A statement from The Rt Hon Margaret Hodge MP, Chair of the Committee of Public Accounts:
Farmers, the food industry and consumers all place their trust in government inspections to assure us that England’s fields and farmyards are healthy. However, current arrangements shoulder compliant farmers with an unacceptable and disproportionate burden. The sheer number and scale of inspections are staggering. In 2011-12, nine central government bodies and local authorities visited farms in England at least 114,000 times. There are approximately 105,000 commercial farms in England and an unknown number of smallholdings. Each inspecting body applied its own regulatory regime and between them modelled risk in 25 different ways. The department needs to get a grip on this fragmented regulatory landscape that is rife with wasteful duplication. I find it extraordinary that a dairy farmer can expect a visit from as many as eight separate government bodies that all too often ask the same questions.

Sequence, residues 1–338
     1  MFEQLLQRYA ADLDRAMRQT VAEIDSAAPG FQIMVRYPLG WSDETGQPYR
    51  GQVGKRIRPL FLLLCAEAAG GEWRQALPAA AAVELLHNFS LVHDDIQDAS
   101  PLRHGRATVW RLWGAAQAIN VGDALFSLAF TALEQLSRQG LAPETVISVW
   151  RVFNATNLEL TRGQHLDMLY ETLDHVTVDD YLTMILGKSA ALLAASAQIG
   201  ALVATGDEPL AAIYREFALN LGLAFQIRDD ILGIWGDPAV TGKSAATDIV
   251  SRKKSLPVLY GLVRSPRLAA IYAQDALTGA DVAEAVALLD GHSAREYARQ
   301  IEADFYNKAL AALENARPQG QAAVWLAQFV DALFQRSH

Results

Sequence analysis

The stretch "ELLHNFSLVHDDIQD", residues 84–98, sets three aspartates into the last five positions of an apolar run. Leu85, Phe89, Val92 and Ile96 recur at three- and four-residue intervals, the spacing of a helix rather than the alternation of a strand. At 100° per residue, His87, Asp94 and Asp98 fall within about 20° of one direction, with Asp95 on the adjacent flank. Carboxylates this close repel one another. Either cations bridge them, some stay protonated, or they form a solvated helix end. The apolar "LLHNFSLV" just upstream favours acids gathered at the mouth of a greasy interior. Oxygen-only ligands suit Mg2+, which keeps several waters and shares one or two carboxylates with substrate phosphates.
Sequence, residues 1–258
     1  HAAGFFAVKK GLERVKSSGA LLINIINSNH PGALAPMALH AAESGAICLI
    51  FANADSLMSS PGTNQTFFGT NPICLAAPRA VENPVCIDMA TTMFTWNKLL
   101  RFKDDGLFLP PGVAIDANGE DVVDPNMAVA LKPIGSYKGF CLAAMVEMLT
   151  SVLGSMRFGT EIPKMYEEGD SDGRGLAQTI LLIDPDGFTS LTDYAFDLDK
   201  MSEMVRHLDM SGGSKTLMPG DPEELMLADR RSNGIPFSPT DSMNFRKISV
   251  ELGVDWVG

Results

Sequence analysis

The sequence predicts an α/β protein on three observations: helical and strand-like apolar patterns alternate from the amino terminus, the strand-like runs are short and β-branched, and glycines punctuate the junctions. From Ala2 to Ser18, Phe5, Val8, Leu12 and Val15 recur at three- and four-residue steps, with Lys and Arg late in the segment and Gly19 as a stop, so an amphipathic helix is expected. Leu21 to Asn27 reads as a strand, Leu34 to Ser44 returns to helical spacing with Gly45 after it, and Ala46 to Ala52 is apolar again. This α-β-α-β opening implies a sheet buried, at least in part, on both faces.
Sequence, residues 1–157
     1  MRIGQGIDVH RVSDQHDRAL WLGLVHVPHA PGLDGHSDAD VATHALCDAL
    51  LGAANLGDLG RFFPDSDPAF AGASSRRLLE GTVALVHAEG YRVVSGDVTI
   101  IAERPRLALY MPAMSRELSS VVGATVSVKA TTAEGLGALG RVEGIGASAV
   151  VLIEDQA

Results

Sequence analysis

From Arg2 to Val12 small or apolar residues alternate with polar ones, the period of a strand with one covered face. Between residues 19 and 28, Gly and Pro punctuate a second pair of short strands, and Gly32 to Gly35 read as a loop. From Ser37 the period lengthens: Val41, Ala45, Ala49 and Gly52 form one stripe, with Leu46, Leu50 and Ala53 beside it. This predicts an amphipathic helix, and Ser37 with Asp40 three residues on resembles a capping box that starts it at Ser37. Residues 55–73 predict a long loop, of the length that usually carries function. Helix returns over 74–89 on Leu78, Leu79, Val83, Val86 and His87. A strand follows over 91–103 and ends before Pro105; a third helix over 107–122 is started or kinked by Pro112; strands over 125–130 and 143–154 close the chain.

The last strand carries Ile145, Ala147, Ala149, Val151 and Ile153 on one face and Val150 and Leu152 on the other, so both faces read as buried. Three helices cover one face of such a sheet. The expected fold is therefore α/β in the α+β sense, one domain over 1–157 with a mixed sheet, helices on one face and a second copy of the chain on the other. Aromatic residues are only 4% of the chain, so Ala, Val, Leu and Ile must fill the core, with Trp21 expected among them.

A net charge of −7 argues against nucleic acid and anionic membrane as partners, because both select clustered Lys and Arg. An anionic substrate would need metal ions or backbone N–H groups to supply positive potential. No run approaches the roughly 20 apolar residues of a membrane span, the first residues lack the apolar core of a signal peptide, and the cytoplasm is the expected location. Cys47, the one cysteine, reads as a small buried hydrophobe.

The department’s poor and patchy data means it is blind to the scale of oversight activity and cannot be certain whether visits even improve compliance. Without gathering routine information, the department is unaware and unable to quantify risk or spot overlaps and opportunities to cut back the number of inspections through coordination of visits.
The department needs to inject urgency into its work to radically improve its approach. Good practice, at present in pockets such as the regional forum in the East of England, needs to be spread throughout the country as a matter of priority. The department needs to put a plan in place to better understand risk in order to minimise the inspection of low risk farms. It must also learn from Scotland’s success in coordinating visits in order to bring down the overall number of visits.